Why Don’t We Smile More?
The humidity was low, and the city opened out before me: an urban desert with evening rush hour over and the daily grind heading back to its electric caves. Surprisingly for a city the size of Newark, I almost expected a tumbleweed, it was so dead.
Gripping the rail and spitting over the side of the station only to watch my saliva plummet down and hopefully hit some squirrel perched three stories below me, a young girl I saw earlier entered my peripheral vision. I caught sight of her when I first walked onto the platform, had absorbed her raggedy appearance, and quickly kept it moving.
I don’t have time to lock eyes with bums, and then do the “I’m not giving you change” gestures while hearing them cuss me out for being a greedy asshole. I don’t have time for their story, they don’t have time for mine, I leave it at that.
I never believe I’m cold hearted, but I always think I’d rather give back on a large scale by volunteering my time; not some petty change so a bum can come back the next day and keep asking me for petty change. It feels empty, even if it’s misguided or logically wrong. The feeling is important.
She walks out of my peripheral and disappears behind me. I hear her asking people for change and I know it’s imminent.
Eventually a soft and regrettably raspy voice crawls up behind me,
“Excuse me sir?”
I ignore it the first time just to make sure it’s not someone near me, but she says it again.
Keeping my body facing out toward the rail and only turning my head around at her, I craned my neck as an owl, wide eyes staring in reply.
Her youth is what struck me, the fact that it resembled my own. She was shockingly similar to me in age and the way she carried herself and her smile. It scared me. So cracked out, her lips dry and white, eyes like glowing white coals with lazy eyelids not completely opened, and hair looking like one of the tumbleweeds that should have blown through the urban desert below us. She looked like she smelled, and her clothes were straight out of a homeless man’s cardboard closet.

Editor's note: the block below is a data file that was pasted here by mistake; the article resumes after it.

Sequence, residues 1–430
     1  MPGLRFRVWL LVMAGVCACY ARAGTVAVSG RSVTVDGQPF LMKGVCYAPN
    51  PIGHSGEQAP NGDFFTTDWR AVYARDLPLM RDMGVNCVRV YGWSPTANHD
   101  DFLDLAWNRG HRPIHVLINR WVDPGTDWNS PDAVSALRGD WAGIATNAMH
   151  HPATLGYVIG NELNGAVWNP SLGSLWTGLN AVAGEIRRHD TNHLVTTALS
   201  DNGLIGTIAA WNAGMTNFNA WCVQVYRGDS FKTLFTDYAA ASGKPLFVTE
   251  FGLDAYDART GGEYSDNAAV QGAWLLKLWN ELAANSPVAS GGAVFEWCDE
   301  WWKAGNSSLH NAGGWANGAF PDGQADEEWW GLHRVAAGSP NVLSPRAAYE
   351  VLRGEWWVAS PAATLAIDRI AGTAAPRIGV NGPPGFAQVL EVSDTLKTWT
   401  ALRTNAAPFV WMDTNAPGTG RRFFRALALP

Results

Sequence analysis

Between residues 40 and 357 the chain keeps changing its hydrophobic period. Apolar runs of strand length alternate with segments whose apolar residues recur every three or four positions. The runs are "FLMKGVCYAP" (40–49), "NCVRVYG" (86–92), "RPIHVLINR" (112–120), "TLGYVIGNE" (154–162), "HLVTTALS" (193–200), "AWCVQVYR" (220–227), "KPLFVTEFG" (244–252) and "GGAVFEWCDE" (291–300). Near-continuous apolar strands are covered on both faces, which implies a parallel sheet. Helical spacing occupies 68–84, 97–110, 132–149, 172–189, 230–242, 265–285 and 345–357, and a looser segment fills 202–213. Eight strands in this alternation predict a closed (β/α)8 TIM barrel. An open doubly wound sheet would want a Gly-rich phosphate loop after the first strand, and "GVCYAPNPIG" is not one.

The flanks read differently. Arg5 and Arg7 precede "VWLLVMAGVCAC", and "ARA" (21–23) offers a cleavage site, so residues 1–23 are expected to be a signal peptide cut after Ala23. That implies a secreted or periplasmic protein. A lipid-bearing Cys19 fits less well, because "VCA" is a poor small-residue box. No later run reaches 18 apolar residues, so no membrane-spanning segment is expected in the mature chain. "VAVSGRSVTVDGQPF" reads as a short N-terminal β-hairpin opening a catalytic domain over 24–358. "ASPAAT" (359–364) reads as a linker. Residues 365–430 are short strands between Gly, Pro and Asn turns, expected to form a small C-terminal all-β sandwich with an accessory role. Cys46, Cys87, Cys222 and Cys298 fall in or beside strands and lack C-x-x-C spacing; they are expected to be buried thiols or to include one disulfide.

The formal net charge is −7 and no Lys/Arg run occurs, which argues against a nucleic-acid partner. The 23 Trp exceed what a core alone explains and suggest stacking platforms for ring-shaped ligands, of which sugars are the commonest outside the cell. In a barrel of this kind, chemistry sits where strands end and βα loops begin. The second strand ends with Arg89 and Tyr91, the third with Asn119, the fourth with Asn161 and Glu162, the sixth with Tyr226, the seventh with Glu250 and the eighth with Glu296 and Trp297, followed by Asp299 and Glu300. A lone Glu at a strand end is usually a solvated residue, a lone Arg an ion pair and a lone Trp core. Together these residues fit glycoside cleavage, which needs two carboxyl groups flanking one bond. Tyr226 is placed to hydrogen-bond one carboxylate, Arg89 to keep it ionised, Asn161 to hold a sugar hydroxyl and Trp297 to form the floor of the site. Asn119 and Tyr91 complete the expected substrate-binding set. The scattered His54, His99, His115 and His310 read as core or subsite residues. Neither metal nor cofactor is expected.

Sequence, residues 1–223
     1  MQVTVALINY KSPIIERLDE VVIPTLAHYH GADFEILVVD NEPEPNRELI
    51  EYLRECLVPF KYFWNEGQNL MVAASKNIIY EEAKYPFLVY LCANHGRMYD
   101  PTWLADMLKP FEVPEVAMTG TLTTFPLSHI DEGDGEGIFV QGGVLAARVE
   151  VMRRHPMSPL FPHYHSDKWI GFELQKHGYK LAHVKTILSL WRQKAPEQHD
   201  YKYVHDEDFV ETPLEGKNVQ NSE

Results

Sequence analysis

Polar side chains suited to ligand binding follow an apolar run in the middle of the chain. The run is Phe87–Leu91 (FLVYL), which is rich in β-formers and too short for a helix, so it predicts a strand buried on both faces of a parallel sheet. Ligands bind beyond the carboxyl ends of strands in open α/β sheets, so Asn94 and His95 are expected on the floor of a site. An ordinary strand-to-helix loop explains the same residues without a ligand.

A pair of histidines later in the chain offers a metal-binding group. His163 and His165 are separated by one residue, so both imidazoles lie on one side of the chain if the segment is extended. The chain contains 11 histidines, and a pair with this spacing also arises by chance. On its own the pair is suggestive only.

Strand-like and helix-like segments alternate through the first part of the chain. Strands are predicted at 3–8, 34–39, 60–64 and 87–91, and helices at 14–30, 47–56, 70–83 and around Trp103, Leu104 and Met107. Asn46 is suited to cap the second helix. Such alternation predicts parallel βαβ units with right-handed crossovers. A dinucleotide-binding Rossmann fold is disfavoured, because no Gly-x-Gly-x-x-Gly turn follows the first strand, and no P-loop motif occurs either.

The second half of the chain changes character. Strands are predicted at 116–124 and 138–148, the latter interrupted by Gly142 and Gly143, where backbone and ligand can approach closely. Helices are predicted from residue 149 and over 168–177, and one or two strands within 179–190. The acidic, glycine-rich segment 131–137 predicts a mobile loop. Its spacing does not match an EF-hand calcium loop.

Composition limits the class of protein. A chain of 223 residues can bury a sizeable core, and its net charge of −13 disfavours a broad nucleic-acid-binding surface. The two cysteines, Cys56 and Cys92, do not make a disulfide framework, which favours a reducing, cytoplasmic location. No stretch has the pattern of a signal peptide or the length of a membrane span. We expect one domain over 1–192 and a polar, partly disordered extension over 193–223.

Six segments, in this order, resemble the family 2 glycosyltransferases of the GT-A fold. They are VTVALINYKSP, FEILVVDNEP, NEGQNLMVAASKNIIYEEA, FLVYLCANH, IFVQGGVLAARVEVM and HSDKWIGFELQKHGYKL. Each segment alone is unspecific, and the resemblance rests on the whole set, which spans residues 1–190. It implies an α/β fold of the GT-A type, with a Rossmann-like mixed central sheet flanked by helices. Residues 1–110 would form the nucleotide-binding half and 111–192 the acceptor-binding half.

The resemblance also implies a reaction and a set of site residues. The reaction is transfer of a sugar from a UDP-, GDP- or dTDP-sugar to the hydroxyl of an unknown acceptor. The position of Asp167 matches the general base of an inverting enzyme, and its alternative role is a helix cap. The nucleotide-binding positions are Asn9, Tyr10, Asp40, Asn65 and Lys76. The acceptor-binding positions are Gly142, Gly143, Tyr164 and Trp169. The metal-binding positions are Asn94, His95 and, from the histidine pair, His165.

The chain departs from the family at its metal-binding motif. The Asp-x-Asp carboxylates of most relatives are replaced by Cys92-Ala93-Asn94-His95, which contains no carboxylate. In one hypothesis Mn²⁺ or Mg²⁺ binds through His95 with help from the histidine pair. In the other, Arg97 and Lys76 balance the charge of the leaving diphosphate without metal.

But her face… it was so young and her smile was so disturbingly happy. It held grief and regret, perhaps familiar with better times.
“Excuse me, sir? How are you today?”
“I’m fine, how are you?”
I was being more outgoing than usual because she looked like she could be my friend in some alternate life.
“I’m alright… May I ask you a question?”
I had never heard a bum ask me this so innocently and casually, yet desperately. It was almost professional, like an intern on their best behavior in a world of big wigs and corporate moguls.
I asked, trying to be nicer now that I realize she could have been a college student just like me, chilling and hanging with her girls and going to malls and doing better things than looking like a volcanic mess asking people for change.
I wasn’t smiling when speaking to her, and she paused for a second, disrupting her original course and interjected,
“You should smile, you are blessed.”
She got me. She was entirely right. I looked at her and cracked her a goofy, teethy smile.
“You’re right, I’m sorry.”
She began to dive into the expected pitch about her family living in the city, or her brother being murdered, or young cousin just getting out of the hospital, or father in prison, or mother has cancer, etc.
I had to cut her off because honestly, I really had nothing on me. She immediately realized the waste of time I was. Bums and business moguls alike know the golden business rule: time is money. She quickly moved on to another person who looked like they’d spare change and perhaps not just offer a smile.
Strange, sad, and briefly enlightening was my encounter with this young girl who appeared as though she should have been my friend or even a girl I might ask on a date in a reincarnated existence.
Wholeheartedly, she left me wondering why I don’t smile more.
I like to learn, just like you:
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